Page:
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Middle East security market continues to stride toward growth

Middle East security market continues to stride toward growth
Companies have seen a pick up in the economy and in the security sphere as well over the past year, boosted in part by an increased focus on security and stringent implementation of new security regulations
The past years were a turbulent period for the Middle East. Marked by ongoing wars and political coups, the region also suffered a major blow when oil prices fell significantly, even dipping to its lowest in over a decade at one point. Remnants of the crisis lingered in 2017, affecting countries that are more dependent on oil and gas more than others.

Nonetheless, companies have seen a pick up in the economy and in the security sphere as well over the past year, boosted in part by an increased focus on security and stringent implementation of new security regulations. Infrastructure development in preparation for upcoming events such as Expo 2020, the FIFA World Cup 2022 as well as the Vision 2030 program, has also increased demand for surveillance system and access control installations to enhance overall security and safety.

“In 2017, the Middle East security market continued to grow and for us, it was an exciting time as we matured further and entered new industry segments such as retail, critical infrastructure and smart cities,” said Philippe Kubbinga, Regional Director for Middle East and Africa at Axis Communications. “If you considered other sectors such as banking and transportation, we have seen those grow very well. So, all in all, I can say it has been a balanced year in the Middle East security market region. Some markets performed better than others but there are definitely new opportunities in all the sectors and we are very happy with how 2017 ended. The team is geared and looking forward to 2018.” (Watch's video interview with Philippe Kubbinga at Intersec Dubai here).

Solutions and Integration Lead the Way

Firas Jadalla, Regional Director,
Middle East and Africa,  Genetec
The Middle East market continued to face challenges like the slower uptake of new technology in the region (which can take longer as these would need to be approved or certified by local authorities first) and product commoditization. Many companies have responded by differentiating themselves from the rest of the market through offering solutions, rather than products,and adding more value into their services.

“We’re pushing solutions rather than products. That’s why we want to change our image for the market. Unlike some other companies, we offer them a complete solution that can bring them more benefits. Such as in projects involving building automation, CCTV is just a small part, but we can bring them the complete solution and not just CCTV,” said Gabriel Yang, Operation Director for VIVOTEK Middle East.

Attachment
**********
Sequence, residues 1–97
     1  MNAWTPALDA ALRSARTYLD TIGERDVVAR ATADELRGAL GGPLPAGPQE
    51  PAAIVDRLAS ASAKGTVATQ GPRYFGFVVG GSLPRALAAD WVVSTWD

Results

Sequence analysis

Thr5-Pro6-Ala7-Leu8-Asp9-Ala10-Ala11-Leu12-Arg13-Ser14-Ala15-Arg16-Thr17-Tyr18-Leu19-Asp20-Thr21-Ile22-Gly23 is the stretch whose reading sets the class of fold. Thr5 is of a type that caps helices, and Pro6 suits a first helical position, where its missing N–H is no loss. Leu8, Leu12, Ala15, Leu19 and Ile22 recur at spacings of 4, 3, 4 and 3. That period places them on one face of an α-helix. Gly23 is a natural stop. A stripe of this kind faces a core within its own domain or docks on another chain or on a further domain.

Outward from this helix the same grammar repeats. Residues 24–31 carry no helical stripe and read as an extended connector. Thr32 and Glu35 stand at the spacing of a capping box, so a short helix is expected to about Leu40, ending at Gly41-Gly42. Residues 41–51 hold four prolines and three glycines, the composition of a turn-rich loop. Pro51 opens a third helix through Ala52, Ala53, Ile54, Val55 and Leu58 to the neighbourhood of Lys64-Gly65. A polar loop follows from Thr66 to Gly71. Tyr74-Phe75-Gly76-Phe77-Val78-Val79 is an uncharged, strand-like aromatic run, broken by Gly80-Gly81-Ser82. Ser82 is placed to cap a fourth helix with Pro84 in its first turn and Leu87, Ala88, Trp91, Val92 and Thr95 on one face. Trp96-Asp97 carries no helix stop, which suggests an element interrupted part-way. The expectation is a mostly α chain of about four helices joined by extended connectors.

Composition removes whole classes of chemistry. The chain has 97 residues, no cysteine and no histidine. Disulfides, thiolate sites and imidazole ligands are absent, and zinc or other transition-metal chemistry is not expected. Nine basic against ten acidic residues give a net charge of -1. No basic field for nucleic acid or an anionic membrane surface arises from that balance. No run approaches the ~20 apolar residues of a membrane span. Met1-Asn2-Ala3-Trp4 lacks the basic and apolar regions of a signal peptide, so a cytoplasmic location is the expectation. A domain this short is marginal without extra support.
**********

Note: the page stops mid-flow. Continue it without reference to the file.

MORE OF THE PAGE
Many have also started framing their products as a component of a big integrated picture that can offer customers more security or business intelligence.
Philippe Kubbinga, Regional Director,
Middle East and Africa,
Axis Communications

“For the large segment, integration is definitely the hot word. We see a growing demand for integrated security solutions. We have our own software solution that integrates all of our systems under one umbrella, called Building Integration System (BIS). This platform also allows integration with third party applications, like building management systems, elevators or air conditioning in the building. No doubt this is on the rise. Such integrated solutions also come with the request to their manufacturers like ourselves not only to supply the solution, but also services,” said Erika Görge, Corporate Communications for Bosch Security Systems.

“Over the past 10 years, we saw end users and consultants in the Middle East caring much about integration and having different security systems communicating to each other and providing one single user interface or one single platform that is integrated to multiple systems,” said Firas Jadalla, Regional Director of Middle East and Africa for Genetec. “What we have been offering to the market, besides integration, is unification. Our platform, Security Center, has an open architecture infrastructure, enabling us to support user’s hardware of choice as well as provide built-in video management, access control, LPR, intercom SIP protocol, intrusion alarm system and advanced mapping built-in on a single platform with one user interface.”

Genetec has also been developing and improving its Mission Control which is a decision support system that supports dynamic SOPs. “It supports the end user or the owner to make the right decision or action based on an input that could be from a human or automated. Everything is documented. We are able to measure the performance, how long it took for the operator to respond. This can be used for evaluation and to improve the process of training the operator to address and handle different scenarios,” Jadalla added.
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